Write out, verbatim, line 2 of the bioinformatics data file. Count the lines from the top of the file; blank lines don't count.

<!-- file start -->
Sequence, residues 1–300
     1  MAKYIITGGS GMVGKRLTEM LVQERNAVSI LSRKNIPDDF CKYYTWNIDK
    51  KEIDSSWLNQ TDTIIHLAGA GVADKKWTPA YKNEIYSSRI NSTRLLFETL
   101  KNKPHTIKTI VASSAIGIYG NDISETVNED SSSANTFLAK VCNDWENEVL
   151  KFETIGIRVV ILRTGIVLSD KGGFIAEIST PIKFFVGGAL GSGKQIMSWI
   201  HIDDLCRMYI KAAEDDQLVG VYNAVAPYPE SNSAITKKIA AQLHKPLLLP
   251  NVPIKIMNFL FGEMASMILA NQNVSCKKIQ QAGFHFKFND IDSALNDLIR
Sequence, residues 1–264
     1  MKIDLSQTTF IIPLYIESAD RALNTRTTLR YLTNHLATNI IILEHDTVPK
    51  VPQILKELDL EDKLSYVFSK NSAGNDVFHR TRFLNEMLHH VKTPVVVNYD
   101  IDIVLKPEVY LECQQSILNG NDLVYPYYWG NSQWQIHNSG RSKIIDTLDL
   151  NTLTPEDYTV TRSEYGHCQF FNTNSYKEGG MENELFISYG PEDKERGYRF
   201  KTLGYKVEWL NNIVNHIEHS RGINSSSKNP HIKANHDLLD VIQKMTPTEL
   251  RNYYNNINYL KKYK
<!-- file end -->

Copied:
     1  MAKYIITGGS GMVGKRLTEM LVQERNAVSI LSRKNIPDDF CKYYTWNIDK